As a cheaply priced, multiplayer-focused first-person shooter, Warpath is serviceable, if utterly unremarkable.
- Technically speaking, the game looks decent
- Multiplayer can be fun.
- assuming you can actually find anyone to play against, which you probably won't
- Lackluster bot artificial intelligence and weak campaign structure make single-player worthless
- Weapons lack punch
- Map designs aren't conducive to vehicle usage.
If a developer makes a decent, multiplayer-focused first-person shooter but no one is there to play it, does it deserve to be bought? Ponder this piece of Zen as we examine Warpath, a new, budget-priced FPS from developer Digital Extremes. Warpath is, for all intents and purposes, an Unreal Tournament knockoff that looks and feels pretty similar to Digital Extremes' last game, Pariah. Purely taken as a multiplayer shooter, Warpath has its qualities; but those qualities might be difficult to grasp considering that just about nobody is playing this game online, days after its retail release. And as far as its single-player experience goes, it has one, and that's about all you can say for it.
The premise of Warpath is that three warring races are battling it out for supremacy on a distant world. There's the human coalition, a group of futuristic supersoldiers decked out in what looks like a blue version of the Master Chief's suit from a certain other first-person shooter that one might argue Pariah was an awful lot like; the Kovos, a group of mechanical creatures that look like fatter versions of the Cylons from the old Battlestar Galactica series, but with weird Matrix code running down their faces; and the Ohm, who are basically Star Trek's Borg, but without that whole collective consciousness deal. Each race has a couple of unique weapons, but once you play through and unlock all the available guns, effectively there is no difference between factions, save for aesthetics.
Warpath includes deathmatch, team deathmatch, capture the flag, and front line assault modes. The first three are pretty self-explanatory. Front line assault mode places a few capture points around a map, and requires at least one member from each team to stand in those points until a meter fills up and designates it as captured. Once a team has captured all the capture points on a map, they can then gain access to the opposing team's base and blow up its generator to take the round.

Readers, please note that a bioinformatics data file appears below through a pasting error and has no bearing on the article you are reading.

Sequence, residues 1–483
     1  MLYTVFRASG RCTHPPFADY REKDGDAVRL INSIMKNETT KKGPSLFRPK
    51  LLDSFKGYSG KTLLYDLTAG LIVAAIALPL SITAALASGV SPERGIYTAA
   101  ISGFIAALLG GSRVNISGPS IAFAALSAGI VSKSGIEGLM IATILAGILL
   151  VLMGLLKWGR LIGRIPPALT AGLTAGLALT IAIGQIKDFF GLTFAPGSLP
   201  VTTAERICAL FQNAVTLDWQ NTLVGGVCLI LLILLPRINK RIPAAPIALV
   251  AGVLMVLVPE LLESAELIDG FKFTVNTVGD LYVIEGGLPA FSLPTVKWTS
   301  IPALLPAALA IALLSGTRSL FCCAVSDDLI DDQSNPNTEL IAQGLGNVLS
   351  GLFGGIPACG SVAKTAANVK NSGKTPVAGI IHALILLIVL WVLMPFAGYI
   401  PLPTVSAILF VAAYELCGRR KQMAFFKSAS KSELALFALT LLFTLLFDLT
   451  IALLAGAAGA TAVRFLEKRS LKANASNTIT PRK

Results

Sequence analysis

The four modes of play work well enough in Warpath, though the lack of unique or interesting weapons, cramped maps, and largely unnecessary vehicles do put a damper on things. The weapons' greatest fault is that they just don't have much feel to them, nor do they seem especially well balanced. The rocket launcher and shotgun are by far the most useful, whereas guns like the sniper rifle-esque javelin and grenade launcher aren't very effective over the course of a match. Of course, it's good to have at least one person using at least one of these two weapons on your team, but playing as that person isn't much fun, because you tend to get shot in the face a lot more than those wielding a shotgun or rocket launcher.
The maps in the game are almost exclusively indoor, with a few outdoor sections in some. Most of them are composed of narrow corridors, scattered elevators, and a few larger, open areas where bigger groups of combatants tend to congregate. Purely for the purposes of on-foot combat, the maps serve the game pretty well. There's just enough room to maneuver, though there are usually a couple of decent hiding spots and vantage points, and plenty of ammo and armor power-ups. The problems start to mount, however, when vehicles get tossed into the mix. No map in the game appears properly built toward vehicle usage. There's just not enough room to move them around properly, so what you typically end up with is a situation in which both sides have a couple of people in a vehicle, travel to the same spot, kind of get stuck there, shoot each other until one or both of the vehicles explode, and that's that.